Disabled People and the General Election
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This article was published in Solidarity 360.

 

By Janine Booth, co-Chair, TUC Disabled Workers’ Committee (personal capacity)

Over the last five years, the Tory-led government has targeted disabled people with cuts in benefits, closure of services, and attacks on jobs — backed up by a nasty ideological campaign to portray disabled people as “‘scroungers”‘, which has led to an increase in harassment and abuse. Getting rid of the Tories is literally a matter of life and death for some disabled people.

DPAC: The Revenge Tour

Disabled People Against Cuts (DPAC) is holding “‘a fortnight of Fight Back and telling politicians throughout the UK what we think of them and what they must do if they want our votes.”‘

Headline protests are targeting employment minister Esther McVey (Wirral, 23 April) and Secretary of State for Work and Pensions Iain Duncan Smith (Chingford, 25 April), who have both incurred the fury of disabled people by their relentless attacks on benefits, rights and services. Local campaigners in other areas are organising further actions.

DPAC is asking people to join these protests and organise their own, and is offering some help with travel costs. Email DPAChere.

More information: DPAC Revenge Tour

The LibDems: Champions of Mental Health?

The Lib Dems are pitching for votes by claiming to be the party that will deliver better services for people with mental health problems.

But for five years, this party has been part of a coalition government which has caused huge distress to people and then deprived them of the services and benefits they need. The Lib Dems are part of the problem, not part of the solution.

Questioning Candidates

The Trade Union Congress Disabled Workers’ Committee has compiled a set of general election questions. Activists are putting these questions to candidates in order to show disabled people who is and is not on their side, to expose those who are not and to nail down promises from those who may be in power come 8 May. Questions cover: the social model of disability; the Equality Duty; employment rights; Access to Work; jobs; stigma and prejudice; demonisation and hate crime; benefits; independent living; education; education; accessible transport; and participation of of disabled people in decision-making.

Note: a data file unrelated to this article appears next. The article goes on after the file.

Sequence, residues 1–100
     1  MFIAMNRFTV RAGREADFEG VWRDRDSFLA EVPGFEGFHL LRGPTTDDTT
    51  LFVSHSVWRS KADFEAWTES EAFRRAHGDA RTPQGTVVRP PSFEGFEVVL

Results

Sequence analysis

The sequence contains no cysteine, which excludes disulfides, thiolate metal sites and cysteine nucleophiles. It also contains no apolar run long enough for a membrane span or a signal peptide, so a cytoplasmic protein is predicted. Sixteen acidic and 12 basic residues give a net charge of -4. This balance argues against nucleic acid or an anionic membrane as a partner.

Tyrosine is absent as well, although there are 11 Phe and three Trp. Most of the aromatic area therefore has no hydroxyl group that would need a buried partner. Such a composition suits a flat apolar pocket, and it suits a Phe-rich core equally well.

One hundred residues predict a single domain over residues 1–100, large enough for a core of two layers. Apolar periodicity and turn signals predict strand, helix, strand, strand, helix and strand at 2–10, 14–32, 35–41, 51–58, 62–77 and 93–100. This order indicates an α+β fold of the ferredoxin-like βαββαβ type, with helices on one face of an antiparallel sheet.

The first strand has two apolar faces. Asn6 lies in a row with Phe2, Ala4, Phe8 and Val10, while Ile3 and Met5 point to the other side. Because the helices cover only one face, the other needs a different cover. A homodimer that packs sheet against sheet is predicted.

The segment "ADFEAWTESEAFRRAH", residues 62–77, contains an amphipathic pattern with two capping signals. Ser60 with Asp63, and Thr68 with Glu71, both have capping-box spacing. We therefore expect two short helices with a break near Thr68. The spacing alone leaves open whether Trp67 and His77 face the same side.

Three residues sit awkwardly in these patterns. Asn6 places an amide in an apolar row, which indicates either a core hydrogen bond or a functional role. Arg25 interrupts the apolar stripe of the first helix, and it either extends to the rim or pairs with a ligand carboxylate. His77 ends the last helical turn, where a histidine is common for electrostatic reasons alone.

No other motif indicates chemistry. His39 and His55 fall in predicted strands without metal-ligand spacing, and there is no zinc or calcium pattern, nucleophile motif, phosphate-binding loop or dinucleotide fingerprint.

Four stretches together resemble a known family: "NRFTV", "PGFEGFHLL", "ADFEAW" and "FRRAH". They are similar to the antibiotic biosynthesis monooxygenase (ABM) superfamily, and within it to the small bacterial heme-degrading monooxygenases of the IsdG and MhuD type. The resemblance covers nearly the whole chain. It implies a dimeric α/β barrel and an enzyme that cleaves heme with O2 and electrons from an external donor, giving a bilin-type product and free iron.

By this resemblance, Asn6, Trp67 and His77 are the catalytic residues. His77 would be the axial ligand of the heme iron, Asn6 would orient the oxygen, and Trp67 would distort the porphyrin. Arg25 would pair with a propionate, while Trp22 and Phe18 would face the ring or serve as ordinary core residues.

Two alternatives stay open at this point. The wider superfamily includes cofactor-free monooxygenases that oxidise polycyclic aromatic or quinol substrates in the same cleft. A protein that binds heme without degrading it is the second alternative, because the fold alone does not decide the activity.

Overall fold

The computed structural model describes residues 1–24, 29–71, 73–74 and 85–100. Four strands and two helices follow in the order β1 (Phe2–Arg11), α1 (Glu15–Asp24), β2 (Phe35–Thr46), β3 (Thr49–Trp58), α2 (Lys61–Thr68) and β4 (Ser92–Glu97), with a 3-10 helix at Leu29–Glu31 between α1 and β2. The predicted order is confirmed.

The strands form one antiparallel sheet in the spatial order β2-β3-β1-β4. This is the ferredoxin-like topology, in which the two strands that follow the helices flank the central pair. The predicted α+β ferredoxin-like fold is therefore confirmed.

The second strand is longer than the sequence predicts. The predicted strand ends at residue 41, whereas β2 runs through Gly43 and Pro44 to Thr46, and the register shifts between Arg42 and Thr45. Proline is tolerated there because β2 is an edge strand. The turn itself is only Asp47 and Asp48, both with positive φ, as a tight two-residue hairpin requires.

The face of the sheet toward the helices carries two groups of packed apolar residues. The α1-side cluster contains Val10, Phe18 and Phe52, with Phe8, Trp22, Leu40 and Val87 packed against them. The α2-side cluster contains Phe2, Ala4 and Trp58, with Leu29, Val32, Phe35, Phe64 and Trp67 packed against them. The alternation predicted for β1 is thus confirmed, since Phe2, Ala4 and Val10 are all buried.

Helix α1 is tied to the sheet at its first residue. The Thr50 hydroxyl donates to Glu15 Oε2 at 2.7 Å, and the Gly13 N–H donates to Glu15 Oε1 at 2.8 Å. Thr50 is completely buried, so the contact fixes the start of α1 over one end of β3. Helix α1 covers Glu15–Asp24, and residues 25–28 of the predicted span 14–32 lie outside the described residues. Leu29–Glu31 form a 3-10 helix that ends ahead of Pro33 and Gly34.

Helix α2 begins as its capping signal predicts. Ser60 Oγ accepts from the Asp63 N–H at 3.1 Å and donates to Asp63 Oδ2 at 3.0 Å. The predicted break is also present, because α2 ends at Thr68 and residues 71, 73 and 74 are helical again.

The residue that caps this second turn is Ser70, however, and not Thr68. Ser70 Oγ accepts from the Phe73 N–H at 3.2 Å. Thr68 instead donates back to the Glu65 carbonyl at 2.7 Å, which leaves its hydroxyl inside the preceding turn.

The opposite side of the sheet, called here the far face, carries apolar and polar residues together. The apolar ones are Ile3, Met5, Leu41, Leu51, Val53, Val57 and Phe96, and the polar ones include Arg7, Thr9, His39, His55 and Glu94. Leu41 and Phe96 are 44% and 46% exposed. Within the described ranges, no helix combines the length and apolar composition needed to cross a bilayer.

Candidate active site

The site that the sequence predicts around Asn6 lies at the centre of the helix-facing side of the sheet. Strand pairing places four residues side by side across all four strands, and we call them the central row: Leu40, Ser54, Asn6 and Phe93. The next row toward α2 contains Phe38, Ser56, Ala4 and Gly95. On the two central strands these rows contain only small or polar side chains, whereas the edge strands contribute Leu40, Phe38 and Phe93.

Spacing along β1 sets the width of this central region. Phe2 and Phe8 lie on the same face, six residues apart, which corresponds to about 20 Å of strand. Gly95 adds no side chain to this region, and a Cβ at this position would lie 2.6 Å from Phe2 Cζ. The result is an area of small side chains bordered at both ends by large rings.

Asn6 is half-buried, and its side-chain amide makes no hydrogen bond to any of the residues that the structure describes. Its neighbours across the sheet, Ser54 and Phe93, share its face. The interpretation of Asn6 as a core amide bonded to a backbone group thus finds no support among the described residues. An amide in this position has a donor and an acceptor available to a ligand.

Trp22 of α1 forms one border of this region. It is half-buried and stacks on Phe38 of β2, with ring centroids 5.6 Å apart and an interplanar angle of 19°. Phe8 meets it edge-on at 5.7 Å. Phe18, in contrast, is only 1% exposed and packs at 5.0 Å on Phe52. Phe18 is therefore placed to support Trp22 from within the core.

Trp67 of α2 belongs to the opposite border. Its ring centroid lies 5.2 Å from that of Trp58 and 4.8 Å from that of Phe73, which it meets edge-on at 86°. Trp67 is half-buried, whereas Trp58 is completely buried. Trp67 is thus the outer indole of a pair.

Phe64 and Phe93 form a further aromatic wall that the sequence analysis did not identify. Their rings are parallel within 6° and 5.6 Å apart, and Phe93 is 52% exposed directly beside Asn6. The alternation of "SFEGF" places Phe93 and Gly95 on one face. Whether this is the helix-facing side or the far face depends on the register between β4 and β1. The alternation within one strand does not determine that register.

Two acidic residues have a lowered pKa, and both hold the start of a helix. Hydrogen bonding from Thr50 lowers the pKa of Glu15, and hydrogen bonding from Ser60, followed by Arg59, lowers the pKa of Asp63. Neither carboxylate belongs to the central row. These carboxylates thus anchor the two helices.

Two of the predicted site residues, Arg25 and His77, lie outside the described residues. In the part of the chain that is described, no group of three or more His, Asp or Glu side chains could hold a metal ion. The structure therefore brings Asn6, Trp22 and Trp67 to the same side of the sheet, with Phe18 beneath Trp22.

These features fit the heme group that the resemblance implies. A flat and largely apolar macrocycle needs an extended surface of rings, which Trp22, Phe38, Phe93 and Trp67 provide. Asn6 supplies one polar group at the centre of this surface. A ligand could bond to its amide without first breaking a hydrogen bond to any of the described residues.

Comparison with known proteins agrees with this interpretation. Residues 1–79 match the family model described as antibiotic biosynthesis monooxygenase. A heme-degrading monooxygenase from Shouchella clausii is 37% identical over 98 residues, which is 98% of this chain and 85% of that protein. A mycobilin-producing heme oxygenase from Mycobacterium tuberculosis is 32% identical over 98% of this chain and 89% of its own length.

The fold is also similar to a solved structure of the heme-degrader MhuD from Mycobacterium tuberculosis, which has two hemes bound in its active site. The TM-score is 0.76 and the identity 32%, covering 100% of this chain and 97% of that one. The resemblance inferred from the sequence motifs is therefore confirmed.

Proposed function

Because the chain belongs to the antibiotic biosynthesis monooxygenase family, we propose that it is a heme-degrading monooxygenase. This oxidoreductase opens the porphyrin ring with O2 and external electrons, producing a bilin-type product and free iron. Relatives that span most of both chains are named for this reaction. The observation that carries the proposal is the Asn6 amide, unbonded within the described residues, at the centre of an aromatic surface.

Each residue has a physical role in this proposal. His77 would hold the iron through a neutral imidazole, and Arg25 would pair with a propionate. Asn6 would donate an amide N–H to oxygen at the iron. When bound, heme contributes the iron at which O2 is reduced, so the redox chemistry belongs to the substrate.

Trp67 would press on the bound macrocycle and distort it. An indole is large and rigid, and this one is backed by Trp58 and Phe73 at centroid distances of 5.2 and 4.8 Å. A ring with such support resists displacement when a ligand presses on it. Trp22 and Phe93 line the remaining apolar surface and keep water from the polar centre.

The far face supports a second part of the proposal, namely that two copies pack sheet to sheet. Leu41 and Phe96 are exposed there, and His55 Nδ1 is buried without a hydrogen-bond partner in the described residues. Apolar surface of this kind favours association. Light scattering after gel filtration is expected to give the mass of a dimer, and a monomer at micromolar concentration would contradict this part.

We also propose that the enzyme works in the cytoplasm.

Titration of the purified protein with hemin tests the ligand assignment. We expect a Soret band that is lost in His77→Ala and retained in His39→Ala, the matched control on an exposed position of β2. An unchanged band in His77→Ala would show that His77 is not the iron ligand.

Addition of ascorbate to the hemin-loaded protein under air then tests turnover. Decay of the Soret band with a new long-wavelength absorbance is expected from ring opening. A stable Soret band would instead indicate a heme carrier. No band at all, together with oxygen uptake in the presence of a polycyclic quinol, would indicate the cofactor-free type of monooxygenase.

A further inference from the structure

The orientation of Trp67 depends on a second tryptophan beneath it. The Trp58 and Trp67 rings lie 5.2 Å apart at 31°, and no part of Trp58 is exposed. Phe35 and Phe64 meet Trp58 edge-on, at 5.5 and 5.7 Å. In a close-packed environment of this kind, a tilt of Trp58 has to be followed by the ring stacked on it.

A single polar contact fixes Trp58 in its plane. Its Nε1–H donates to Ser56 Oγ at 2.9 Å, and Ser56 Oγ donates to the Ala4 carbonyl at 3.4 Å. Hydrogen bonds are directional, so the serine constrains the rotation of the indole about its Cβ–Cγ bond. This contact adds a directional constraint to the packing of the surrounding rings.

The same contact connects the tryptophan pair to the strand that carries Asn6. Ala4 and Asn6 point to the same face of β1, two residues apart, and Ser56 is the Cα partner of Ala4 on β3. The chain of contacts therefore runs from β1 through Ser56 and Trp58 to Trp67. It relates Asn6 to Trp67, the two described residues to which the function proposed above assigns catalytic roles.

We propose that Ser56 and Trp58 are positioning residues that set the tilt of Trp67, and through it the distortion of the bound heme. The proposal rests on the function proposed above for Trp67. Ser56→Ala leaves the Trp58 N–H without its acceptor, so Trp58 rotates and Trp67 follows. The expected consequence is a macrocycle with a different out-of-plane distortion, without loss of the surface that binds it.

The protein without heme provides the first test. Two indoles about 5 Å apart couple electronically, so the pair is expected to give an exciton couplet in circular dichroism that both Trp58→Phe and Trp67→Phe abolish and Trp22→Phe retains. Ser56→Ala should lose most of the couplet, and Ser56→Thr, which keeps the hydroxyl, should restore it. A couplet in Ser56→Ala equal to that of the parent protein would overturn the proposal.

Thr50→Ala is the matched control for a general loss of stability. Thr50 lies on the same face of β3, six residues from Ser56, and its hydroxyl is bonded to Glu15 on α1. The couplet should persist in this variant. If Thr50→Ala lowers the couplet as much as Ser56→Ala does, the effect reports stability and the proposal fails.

You can download the questions from the TUC website’s disability section.

Does Labour Want Our Votes?

Rachel Reeves, Labour’s work and pensions spokesperson, angered many people when she declared in an interview that Labour is “‘not the party of people on benefits. We don’t want to be seen, and we’re not, the party to represent those who are out of work.”‘ She acknowledged,that the Labour Party was “‘formed for and by working people”‘, but wilfully misinterpreted this as excluding people who are not currently employed, for example because of disability discrimination or mass unemployment. 

Disabled people deserve better than this from Labour, and — if it does win the election — will be mobilising to demand that Labour immediately reverse Tory/LibDem attacks.